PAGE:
How much of that growing demand will be offset by individuals and businesses spending less is still unknown, although organisations which cut costs in the security area do so at their peril, he believes.
“For small businesses, ill-thought-out cost cutting in this area is all too often a false economy which usually results in a gradual increase in things that go missing in the workplace.”
He points out that in the residential sector, ‘value’ is greatly attached to emotional rather than financial factors. But, when it comes to commercial markets, value is aligned more closely to financial benefits “associated with reduced risk and lower insurance costs, and less shrinkage of, or damage to physical assets.”
“As Kiwis we are far more interested in averting the threat of attack, robberies or fraud. We tend to avoid being involved in the apprehension, prosecution and conviction aspects,” says Anderson.
Averting theft is exactly what Mi5 Security with its surveillance systems is all about. As is a newly-arrived synthetic DNA solution, which has cut burglary rates overseas by up to 70 percent – delivering hi-tech solutions, backed by sound research and innovation, to help us all keep the baddies out of our businesses, either as employees or violent robbers. In Anderson’s words: “Encourage them to go elsewhere, where the pickings are easier.”
SelectaDNA is a clear solution which can be used to mark valuables and property with a unique DNA code registered to its owner on the company’s secure database which is accessible by the New Zealand Police. The solution glows bright-blue under UV light and stays on valuables indefinitely, and equally importantly, on offenders’ skin for up to a fortnight and on clothes for up to six months.
“You Steal, You’re Marked!” very pointedly say the high-visibility warning stickers placed in windows to let criminals know items in commercial premises or a house are protected.
The good news extends to the Police being progressively equipped with UV light detection kits, so they can actively look for SelectaDNA on stolen property and at crime scenes.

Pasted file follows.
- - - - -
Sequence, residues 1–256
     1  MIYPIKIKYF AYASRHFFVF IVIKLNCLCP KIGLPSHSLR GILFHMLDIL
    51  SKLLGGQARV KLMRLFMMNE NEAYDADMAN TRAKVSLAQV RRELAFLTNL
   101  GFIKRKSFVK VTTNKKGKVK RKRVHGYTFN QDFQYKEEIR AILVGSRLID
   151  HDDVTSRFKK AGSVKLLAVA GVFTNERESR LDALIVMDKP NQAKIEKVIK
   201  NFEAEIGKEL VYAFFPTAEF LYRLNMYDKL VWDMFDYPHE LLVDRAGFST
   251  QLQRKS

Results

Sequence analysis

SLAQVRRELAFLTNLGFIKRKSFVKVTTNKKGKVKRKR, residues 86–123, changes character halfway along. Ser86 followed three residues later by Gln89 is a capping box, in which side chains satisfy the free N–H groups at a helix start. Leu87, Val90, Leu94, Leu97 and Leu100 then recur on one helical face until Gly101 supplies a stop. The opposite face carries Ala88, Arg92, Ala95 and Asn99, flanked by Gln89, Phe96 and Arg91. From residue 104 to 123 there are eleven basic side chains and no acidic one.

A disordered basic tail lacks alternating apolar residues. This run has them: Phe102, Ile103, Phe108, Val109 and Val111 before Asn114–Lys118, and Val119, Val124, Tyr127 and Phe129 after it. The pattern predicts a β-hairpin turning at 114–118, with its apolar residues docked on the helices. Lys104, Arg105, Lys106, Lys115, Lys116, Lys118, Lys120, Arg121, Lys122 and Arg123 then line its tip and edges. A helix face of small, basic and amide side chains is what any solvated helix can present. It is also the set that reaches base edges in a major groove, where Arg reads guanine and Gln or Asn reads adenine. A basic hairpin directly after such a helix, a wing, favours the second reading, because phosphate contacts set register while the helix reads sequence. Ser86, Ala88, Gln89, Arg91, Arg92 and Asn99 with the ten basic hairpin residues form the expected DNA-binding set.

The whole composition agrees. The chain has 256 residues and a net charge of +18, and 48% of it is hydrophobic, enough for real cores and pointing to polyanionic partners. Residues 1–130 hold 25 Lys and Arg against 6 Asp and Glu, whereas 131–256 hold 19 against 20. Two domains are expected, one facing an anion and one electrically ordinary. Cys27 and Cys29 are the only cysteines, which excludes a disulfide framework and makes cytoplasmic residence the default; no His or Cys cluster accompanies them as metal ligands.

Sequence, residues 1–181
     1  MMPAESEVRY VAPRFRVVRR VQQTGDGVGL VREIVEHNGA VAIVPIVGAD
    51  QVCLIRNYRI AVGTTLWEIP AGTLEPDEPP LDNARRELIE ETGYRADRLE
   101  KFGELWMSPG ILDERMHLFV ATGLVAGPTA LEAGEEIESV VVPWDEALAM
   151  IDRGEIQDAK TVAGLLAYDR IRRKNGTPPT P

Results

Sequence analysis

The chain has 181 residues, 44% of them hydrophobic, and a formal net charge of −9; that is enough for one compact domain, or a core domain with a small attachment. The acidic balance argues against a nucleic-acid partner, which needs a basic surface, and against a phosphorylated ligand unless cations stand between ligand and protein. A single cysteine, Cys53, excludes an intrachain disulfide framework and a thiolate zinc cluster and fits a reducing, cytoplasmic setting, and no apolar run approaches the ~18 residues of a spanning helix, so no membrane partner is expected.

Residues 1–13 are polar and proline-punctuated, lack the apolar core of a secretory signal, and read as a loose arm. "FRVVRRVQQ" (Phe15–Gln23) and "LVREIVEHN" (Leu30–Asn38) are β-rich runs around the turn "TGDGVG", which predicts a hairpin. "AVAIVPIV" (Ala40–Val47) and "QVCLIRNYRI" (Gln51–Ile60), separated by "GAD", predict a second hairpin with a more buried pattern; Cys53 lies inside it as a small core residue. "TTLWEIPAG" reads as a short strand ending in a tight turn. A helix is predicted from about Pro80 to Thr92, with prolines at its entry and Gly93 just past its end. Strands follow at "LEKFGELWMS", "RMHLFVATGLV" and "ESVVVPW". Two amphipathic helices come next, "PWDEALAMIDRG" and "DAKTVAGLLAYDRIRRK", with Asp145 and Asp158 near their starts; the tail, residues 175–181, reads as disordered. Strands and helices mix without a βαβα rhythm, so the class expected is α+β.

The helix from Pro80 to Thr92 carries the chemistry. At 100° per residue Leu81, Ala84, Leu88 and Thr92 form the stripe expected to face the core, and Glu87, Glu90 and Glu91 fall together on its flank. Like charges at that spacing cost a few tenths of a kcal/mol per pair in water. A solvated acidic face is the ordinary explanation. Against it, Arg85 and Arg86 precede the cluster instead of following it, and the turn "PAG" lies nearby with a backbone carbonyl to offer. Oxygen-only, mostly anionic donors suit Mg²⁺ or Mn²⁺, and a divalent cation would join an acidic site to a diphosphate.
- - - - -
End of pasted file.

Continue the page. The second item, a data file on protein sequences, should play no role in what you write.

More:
Not only did the product arrive with a proven track-record in the UK and the Netherlands, amongst other countries, where typically burglaries dropped by 50 to 70 percent, but the company commenced a six-month trial in 1000 homes – as well as local schools and businesses – in Randwick Park, Counties Manukau on September 1.
SelectaDNA Director, David Morrissey is confident the local trial will reflect the success achieved overseas. “The initiative is a concentrated bid to reduce home burglaries and theft in the area. Counties Manukau Police are actively participating in the trial, which is supported by Manukau City Council and Victim Support.
“We expect to see a significant drop in burglaries in Randwick Park as criminals become aware that stolen goods marked with SelectaDNA are virtually unsellable,” says Morrissey.
Reflecting the changing times and banks’ attitudes to their customers, BNZ has become the first local commercial operator to install SelectaDNA hydra spray units in its branches. Rather than triggering smoke bombs and other deterrents which can cause robbers to panic; with SelectaDNA, offenders are sprayed with a fine mist of invisible solution as they freely leave the premises.
Their security strategy manager, Owen Loeffellechner reports that branches which have installed the system have “embraced it” as well as welcomed the bank’s investment in a passive method of protecting them and their customers.
Set and forget